If possible, the error clause should be terminated with a 'return' (or 'goto' to some cleanup routine) and in this case, the 'else' clause should be omitted:

     if (0 != stat ("filename," &sbuf)) 
    { 
      error(); 
      return;
    } 
    /* handle normal case here */
    

    This serves to avoid deep nesting. The 'constants on the left' rule applies to all constants (including. GNUNET_SCHEDULER_NO_TASK), NULL, and enums). With the two above rules (constants on left, errors in 'true' branch), there is only one way to write most branches correctly.

  • Combined assignments and tests are allowed if they do not hinder code clarity. For example, one can write:
     if (NULL == (value = lookup_function()))
    { 
      error(); 
      return;
    } 
    
  • Use break and continue wherever possible to avoid deep(er) nesting. Thus, we would write:
    next = head;
    while (NULL != (pos = next))
    { 
      next = pos->next;
      if (! should_free (pos))
         continue; 
      GNUNET_CONTAINER_DLL_remove (head, tail, pos);
      GNUNET_free (pos);
    } 
    

    instead of

    next = head;
    while (NULL != (pos = next))
    { 
      next = pos->next;
      if (should_free (pos))
      {
        /* unnecessary nesting! */
        GNUNET_CONTAINER_DLL_remove (head, tail, pos);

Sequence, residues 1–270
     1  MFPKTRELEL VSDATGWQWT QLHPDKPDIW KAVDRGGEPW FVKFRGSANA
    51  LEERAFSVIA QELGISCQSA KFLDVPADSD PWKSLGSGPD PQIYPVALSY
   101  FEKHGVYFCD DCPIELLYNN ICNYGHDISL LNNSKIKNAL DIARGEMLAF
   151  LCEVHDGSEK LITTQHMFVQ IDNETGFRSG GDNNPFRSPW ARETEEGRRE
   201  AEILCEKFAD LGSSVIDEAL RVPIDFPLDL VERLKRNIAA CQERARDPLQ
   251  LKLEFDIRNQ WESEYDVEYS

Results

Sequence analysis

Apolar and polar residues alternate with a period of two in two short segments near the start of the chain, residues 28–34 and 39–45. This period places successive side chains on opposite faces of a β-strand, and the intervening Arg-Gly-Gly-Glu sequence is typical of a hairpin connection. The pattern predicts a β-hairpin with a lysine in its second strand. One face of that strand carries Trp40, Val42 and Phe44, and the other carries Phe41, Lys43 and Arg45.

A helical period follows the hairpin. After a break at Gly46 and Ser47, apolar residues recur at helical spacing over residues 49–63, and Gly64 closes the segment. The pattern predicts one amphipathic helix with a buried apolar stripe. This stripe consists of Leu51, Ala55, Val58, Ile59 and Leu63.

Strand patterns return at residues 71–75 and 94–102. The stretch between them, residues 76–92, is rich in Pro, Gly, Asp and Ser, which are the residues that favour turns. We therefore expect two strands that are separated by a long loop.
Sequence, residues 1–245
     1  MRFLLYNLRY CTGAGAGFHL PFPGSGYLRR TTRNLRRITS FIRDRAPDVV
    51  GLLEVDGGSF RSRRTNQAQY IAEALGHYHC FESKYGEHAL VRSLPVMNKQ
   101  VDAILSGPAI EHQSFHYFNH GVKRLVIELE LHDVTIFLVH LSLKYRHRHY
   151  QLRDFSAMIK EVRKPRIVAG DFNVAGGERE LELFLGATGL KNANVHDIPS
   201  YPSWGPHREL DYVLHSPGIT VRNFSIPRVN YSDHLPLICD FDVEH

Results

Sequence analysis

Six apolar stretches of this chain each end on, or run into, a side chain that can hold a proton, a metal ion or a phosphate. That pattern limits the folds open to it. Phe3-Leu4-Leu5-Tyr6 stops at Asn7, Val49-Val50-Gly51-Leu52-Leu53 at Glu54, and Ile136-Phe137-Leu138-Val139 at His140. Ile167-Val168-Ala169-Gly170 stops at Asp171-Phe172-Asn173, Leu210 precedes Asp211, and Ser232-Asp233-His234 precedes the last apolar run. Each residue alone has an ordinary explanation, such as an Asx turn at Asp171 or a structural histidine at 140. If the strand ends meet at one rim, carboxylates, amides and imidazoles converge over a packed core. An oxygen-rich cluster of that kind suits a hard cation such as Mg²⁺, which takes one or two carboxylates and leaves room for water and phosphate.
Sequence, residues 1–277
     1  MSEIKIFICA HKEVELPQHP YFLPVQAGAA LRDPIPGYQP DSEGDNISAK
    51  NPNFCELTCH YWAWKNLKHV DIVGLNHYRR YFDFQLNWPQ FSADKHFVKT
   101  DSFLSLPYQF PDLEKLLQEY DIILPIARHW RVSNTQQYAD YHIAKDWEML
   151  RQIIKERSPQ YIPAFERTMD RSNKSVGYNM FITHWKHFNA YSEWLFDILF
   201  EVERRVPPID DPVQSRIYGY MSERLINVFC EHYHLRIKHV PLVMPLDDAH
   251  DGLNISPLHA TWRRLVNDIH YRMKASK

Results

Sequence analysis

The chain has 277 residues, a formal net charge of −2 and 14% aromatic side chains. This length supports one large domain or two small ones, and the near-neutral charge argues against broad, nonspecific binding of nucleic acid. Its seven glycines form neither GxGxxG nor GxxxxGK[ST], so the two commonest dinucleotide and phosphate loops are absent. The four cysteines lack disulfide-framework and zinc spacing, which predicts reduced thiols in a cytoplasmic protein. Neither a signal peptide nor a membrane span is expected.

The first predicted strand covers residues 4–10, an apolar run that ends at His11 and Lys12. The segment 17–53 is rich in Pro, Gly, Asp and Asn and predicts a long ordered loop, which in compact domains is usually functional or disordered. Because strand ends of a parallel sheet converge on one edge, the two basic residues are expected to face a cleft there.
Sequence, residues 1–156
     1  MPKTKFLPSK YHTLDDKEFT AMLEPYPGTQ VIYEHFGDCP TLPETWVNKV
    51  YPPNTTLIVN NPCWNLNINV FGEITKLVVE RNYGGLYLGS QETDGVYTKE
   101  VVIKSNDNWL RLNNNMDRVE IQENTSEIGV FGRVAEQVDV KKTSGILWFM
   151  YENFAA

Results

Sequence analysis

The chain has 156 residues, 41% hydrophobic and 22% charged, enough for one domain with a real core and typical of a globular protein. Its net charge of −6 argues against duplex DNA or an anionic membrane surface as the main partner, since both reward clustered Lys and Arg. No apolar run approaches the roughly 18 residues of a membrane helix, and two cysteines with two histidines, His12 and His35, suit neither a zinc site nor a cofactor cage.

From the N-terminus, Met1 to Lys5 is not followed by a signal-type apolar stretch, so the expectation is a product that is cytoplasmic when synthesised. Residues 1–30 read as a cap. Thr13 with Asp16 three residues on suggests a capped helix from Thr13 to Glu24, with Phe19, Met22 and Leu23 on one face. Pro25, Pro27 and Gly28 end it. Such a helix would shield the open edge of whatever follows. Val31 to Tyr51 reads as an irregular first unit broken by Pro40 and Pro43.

GNUNET_free (pos);
      }
    } 
    
  • We primarily use for and while loops. A while loop is used if the method for advancing in the loop is not a straightforward increment operation. In particular, we use:
    next = head;
    while (NULL != (pos = next))
    { 
      next = pos->next;
      if (! should_free (pos))
         continue; 
      GNUNET_CONTAINER_DLL_remove (head, tail, pos);
      GNUNET_free (pos);
    } 
    

    to free entries in a list (as the iteration changes the structure of the list due to the free; the equivalent for loop does no longer follow the simple for paradigm of for(INIT;TEST;INC)). However, for loops that do follow the simple for paradigm we do use for, even if it involves linked lists:

    /* simple iteration over a linked list */
    for (pos = head; NULL != pos; pos = pos->next)
    { 
       use (pos);
    } 
    
  • The first argument to all higher-order functions in GNUnet must be declared to be of type void * and is reserved for a closure. We do not use inner functions, as trampolines would conflict with setups that use non-executable stacks.